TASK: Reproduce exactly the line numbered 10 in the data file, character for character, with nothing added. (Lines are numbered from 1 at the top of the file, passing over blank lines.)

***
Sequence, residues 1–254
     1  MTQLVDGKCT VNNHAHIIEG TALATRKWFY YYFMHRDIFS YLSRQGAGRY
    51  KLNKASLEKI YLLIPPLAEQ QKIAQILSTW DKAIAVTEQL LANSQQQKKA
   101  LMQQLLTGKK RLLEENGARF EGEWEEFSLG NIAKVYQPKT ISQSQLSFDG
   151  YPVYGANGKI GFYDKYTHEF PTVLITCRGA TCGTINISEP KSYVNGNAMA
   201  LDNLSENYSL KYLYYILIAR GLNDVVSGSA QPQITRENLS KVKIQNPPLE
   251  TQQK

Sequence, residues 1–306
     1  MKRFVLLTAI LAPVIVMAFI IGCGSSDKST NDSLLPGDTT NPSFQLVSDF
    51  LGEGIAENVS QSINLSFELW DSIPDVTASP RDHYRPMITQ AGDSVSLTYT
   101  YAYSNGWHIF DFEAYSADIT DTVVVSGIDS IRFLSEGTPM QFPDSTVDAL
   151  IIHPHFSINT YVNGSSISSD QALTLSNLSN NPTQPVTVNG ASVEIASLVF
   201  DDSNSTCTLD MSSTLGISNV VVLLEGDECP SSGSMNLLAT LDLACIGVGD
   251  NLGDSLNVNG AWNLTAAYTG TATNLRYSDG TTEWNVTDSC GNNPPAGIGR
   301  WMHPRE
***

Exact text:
    51  LGEGIAENVS QSINLSFELW DSIPDVTASP RDHYRPMITQ AGDSVSLTYT